Our bodies only recognize the day/night cycle, the lunar cycle, gestation periods, and the passing of seasons.  I highly doubt that every 7th day was the Khan bro empire national “Kroc row with a bow” day.  And there was certainly a seasonality to their activities.  And I’m willing to bet there was a natural adherence to lunar cycles as well.

I’ve not kept to a “normal” weekly training block scheme for the last 20 years or so.  But in the last 3 or 4 years, I’ve been in a position that allows near total abandonment of being beholden (at least in a training sense) to a weekly block schedule.  I’m surrounded by physical culture outlets here in Austin, and my “office” is a gym.  I think my gains during this period owe a hell of a lot to that freedom.  If I look back over my training logs, I can see a natural fluctuation in intensities (as defined by percentage of 1RM, CNS “hit”, and gross physical effort) that follows pretty damn close to a 28-day cycle.  If I were able to completely scrub my life of the modern 7-day work/life cycle, I’m convinced that my intensity swings would perfectly match the lunar cycle.

Total woo?  What’s next — training according to your sign?  Yeah, maybe.  But I’ve proven, at least to myself, and in an n=1 sense, that there is something to this 28-day intensity cycle.  I’m not trying to force square pegs into round holes, here — just looking at and tracking what I’ve done in the past.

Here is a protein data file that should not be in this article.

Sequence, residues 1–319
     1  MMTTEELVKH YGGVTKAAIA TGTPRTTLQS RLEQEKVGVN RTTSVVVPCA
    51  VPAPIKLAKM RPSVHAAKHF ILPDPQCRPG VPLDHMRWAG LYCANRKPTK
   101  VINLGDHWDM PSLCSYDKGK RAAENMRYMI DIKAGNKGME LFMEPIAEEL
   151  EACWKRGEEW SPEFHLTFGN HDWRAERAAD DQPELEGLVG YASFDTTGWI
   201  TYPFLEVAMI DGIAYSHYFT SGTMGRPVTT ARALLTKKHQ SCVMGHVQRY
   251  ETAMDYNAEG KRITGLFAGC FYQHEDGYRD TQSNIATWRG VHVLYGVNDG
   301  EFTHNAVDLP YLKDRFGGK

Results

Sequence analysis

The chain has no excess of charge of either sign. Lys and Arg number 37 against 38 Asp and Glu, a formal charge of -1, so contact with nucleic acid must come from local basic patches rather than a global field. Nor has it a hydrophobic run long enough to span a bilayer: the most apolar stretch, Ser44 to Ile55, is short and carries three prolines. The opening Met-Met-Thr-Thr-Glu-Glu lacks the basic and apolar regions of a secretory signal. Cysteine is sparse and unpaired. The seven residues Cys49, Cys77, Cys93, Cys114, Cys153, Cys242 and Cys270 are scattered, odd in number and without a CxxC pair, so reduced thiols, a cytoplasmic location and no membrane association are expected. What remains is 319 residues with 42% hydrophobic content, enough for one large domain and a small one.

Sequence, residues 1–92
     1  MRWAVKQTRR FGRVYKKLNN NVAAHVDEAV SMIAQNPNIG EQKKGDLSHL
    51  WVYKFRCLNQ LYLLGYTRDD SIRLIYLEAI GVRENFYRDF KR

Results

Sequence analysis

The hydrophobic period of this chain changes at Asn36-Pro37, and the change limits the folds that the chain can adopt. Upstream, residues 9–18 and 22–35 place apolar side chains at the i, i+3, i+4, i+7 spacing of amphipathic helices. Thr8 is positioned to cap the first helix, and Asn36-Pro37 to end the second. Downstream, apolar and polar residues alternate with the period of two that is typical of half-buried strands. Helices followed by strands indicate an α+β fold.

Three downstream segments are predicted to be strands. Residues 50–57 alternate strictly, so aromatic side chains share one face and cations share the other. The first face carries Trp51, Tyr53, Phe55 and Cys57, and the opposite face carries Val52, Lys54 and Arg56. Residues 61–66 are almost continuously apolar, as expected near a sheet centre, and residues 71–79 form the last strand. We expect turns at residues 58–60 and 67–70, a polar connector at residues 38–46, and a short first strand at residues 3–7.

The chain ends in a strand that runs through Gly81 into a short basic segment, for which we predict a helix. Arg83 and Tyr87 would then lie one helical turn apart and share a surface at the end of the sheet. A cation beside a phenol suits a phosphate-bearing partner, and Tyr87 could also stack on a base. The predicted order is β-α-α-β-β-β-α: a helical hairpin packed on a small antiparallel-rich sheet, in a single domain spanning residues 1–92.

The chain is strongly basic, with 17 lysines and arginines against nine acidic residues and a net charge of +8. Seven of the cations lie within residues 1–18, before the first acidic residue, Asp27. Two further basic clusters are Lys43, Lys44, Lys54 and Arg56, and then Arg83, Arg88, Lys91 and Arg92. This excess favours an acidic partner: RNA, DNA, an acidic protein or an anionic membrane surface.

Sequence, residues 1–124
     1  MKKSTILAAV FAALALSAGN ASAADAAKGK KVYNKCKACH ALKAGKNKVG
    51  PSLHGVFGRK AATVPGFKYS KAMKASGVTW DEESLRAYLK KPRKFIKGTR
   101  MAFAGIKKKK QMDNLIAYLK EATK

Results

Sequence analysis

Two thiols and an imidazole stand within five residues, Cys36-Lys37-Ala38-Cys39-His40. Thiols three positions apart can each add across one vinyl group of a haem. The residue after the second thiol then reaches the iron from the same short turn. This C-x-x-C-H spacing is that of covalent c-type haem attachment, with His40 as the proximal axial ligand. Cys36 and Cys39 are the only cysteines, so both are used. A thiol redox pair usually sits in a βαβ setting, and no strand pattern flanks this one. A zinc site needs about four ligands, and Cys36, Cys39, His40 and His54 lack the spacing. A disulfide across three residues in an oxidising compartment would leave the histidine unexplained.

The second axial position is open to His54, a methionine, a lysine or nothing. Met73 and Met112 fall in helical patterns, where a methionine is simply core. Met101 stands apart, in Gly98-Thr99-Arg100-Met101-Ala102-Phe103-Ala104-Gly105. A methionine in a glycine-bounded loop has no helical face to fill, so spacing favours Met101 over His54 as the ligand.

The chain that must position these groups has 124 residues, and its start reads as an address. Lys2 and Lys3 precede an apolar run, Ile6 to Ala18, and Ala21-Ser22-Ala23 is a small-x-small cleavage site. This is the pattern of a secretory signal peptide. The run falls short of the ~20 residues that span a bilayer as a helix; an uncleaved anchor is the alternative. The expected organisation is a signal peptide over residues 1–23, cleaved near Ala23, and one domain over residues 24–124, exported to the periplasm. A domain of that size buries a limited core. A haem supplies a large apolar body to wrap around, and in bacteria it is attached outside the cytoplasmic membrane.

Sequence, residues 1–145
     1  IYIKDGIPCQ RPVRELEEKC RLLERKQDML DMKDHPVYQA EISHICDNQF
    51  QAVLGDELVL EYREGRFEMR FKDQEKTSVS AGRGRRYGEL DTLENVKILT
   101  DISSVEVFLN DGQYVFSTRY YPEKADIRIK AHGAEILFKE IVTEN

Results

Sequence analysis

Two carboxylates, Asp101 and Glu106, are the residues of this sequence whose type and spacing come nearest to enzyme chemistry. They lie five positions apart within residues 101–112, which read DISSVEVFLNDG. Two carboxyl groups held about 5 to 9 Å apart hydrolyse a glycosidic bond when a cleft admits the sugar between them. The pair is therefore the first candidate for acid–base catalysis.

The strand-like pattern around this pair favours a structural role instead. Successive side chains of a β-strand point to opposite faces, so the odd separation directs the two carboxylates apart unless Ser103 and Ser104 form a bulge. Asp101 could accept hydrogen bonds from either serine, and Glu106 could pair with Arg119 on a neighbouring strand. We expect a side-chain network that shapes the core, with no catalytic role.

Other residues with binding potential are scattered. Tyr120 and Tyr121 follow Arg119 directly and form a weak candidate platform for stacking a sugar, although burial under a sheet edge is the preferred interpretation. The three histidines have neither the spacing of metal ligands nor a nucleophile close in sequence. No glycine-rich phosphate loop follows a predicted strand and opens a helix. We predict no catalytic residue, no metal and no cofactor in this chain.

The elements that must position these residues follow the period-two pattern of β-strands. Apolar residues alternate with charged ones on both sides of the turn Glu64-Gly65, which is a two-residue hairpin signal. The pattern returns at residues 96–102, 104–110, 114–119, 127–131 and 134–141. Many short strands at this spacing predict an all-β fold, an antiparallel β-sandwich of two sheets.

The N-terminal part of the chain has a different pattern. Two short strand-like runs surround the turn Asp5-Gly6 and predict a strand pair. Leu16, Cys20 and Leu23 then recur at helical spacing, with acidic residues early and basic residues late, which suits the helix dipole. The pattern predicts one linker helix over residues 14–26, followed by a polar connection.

And I’m a scorpio, by the way.  Which, in astrological terms, can be equated to “Wolverine”.  This, my friends, is true serendipity 😉

Anyway, the gist of what all of this means is that the old school bodybuilding model (6 x moderate intensity/week), the Crossfit model (3 high/1 off per week) and the classic HIT model (1 high, 7 to 10 off) are all, in my humble opinion, woefully inadequate.  The correct way is a “wave and weave” modulation of intensities and modalities.  An even more expansive conjugate for the masses.  Because it’s not that the bodybuilding, Crossfit and HIT modalities are “wrong”  per se — every modality has its place and compliments (roughly, with some minor tweaking) some aspect of the force-velocity curve —  it’s that the non waving (of intensity) and non weaving (of modalities) is wrong.  Or, at least not nearly as effective.

And look, I’m no pollyanna — I realize that the 7-day work/life cycle is here to stay.  Which is why I believe that my Efficient Exercise style of HIIRT / wave-and-weave training is the best leveraging of modern technology and training methods to achieve ancestral health and wellness in a modern world.